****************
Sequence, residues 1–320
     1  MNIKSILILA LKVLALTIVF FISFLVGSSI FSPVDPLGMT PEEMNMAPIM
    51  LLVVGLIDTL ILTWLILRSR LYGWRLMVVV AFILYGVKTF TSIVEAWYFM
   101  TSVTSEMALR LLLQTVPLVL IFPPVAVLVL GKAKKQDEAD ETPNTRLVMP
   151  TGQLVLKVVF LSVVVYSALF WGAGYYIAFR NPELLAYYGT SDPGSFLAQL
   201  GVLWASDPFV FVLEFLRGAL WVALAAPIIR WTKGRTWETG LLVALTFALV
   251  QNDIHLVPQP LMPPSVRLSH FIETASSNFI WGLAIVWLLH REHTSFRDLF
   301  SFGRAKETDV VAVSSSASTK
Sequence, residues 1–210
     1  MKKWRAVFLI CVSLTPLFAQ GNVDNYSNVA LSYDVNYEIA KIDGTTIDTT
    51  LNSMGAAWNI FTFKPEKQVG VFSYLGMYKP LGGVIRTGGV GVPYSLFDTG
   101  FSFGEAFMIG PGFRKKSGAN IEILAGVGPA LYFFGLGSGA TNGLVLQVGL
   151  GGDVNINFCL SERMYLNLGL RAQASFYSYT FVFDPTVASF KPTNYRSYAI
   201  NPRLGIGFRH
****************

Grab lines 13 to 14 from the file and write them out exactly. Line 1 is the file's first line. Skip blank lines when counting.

   151  GGDVNINFCL SERMYLNLGL RAQASFYSYT FVFDPTVASF KPTNYRSYAI
   201  NPRLGIGFRH